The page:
Concerns Raised Over Alberta’s Critical Worker Benefit

Alberta-Legislature-Building-Edmonton-Alberta-Canada-01A

On February 10th, 2021, the Government of Alberta announced a plan to support hundreds of thousands of workers working at the front lines of the COVID-19 pandemic. The Critical Worker Benefit (the “Benefit”) provides a one-time payment of $1,200 to eligible Albertans. Through the Benefit, the Government of Alberta is set to distribute up to $465 million in funding to eligible workers, including up to $118 million in provincial funds and $347 million from the federal government’s benefit program for low-wage critical workers.

The Benefit is open to both public and private workers. At the public level, health-care workers are eligible where they worked in a designated health-care setting, in an eligible occupation, and have worked at least 300 hours for an eligible employer in Alberta between October 12, 2020 and January 31, 2020 (the “Eligibility Period”). Social service workers operating in Alberta are entitled to the Benefit if they worked at least 300 hours during the Eligibility Period and worked in the area of children’s services or community services. Further, in the context of education, educational assistants, bus drivers, custodians, and school secretarial staff are entitled to the Benefit if they have worked the requisite 300 hours for a provincial school authority or a contractor with a provincial school authority in Alberta during the Eligibility Period.

In the private sphere, workers are eligible for the Benefit if they earn $25 or less per hour, worked the required 300 hours during the Eligibility Period, and are located and working in Alberta. Such workers must also have worked in a position listed as eligible by the government, including limited positions in the fields of: retail (grocery, pharmacy, and gas), food manufacturing, truck transportation of food and medical supplies, warehousing and storage of food and medical supplies, private health clinics, or in First Nations communities. A private sector employer must apply for the benefit on behalf of their eligible employees.

The Government of Alberta has come under fire for the perceived rigidness of the Benefit’s eligibility criteria. For instance, certain front line workers, such as teachers and correctional workers, appear not eligible at all for the Benefit at all, despite the public and precarious nature of their jobs during the pandemic. Highlighting the exclusion of substitute teachers, Alberta Teachers’ Association President Jason Schilling noted that, “While many teachers stay in a cohort with their class, substitutes move between classes and buildings, putting them at a higher risk of exposure [to COVID-19]”. Furthermore, the 300-hour eligibility threshold has the likely result of excluding workers who are on disability leave or those who work part-time, but continue to confront COVID-19 in their occupations. Many workers opt for part-time employment out of necessity, due to family obligations or health concerns, and are excluded from the Benefit because of it.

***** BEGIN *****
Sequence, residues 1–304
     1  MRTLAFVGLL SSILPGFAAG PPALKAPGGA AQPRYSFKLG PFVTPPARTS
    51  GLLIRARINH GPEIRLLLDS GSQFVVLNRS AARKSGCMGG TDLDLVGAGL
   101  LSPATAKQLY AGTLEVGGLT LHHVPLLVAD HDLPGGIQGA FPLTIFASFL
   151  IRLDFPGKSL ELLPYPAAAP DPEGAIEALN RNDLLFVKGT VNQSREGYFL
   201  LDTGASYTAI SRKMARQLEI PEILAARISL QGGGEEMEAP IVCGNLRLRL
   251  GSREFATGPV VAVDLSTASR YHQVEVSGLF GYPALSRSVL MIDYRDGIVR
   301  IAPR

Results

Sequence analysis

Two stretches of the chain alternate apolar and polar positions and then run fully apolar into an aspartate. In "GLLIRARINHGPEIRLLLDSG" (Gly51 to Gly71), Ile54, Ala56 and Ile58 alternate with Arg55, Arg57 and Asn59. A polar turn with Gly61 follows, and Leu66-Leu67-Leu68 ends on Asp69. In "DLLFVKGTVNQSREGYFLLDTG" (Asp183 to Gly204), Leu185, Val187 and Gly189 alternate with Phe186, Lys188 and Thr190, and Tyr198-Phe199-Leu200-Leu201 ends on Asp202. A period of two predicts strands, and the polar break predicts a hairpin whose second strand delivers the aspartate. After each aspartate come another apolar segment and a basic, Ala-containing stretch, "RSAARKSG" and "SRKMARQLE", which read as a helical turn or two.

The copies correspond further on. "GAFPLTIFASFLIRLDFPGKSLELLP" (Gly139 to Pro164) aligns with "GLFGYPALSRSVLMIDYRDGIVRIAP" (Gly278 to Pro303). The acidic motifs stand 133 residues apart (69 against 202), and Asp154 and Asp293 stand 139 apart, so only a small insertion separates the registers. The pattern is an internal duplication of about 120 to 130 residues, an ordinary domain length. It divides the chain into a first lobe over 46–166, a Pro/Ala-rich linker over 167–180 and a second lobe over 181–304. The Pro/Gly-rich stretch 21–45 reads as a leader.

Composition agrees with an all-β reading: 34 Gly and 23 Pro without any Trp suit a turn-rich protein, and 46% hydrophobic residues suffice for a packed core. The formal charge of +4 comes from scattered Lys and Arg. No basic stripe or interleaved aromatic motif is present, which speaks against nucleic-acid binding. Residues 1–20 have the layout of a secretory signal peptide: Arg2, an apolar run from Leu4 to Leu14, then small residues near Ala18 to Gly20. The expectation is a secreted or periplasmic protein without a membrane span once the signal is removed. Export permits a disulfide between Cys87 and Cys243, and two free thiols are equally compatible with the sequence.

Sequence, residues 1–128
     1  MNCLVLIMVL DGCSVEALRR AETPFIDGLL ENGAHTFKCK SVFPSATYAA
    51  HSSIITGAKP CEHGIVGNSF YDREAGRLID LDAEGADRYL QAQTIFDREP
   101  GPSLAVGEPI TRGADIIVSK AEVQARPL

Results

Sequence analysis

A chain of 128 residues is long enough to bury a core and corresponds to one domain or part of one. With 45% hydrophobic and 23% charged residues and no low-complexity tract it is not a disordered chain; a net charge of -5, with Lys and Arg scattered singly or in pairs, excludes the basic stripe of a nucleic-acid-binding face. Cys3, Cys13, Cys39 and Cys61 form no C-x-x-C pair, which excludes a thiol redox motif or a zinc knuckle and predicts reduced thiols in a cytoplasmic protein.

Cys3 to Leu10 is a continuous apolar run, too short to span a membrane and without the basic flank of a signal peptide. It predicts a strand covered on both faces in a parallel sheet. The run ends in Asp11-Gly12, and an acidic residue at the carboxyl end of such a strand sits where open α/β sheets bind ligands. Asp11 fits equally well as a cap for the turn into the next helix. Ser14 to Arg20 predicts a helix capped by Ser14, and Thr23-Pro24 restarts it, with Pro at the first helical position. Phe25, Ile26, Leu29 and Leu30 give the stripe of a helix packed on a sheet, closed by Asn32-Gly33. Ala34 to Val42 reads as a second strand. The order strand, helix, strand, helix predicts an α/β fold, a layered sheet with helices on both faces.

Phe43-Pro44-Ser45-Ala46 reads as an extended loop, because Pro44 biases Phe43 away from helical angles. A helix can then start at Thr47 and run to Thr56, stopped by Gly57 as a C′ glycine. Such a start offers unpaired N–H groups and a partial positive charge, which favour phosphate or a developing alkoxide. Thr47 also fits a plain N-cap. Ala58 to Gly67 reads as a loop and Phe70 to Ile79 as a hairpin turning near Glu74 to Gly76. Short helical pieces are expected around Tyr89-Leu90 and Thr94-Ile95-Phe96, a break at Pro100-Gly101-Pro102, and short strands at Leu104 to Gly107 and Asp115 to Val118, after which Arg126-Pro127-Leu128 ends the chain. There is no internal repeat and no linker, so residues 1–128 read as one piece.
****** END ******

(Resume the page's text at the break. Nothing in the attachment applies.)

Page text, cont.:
For the Government of Alberta, however, the restrictions on eligibility are necessary in light of the relevant financial constraints. As Labour and Immigration Minister Jason Copping noted, “There’s not enough funding to recognize everybody who continued to work, because the population is just simply too big. So we had to make choices, like many other provinces”.

Applications for the Benefit remain open until Friday, March 19, 2021.

 

This blog post was written by a CCLA-PBSC RightsWatch student. Views expressed do not necessarily reflect the view of the CCLA or PBSC.

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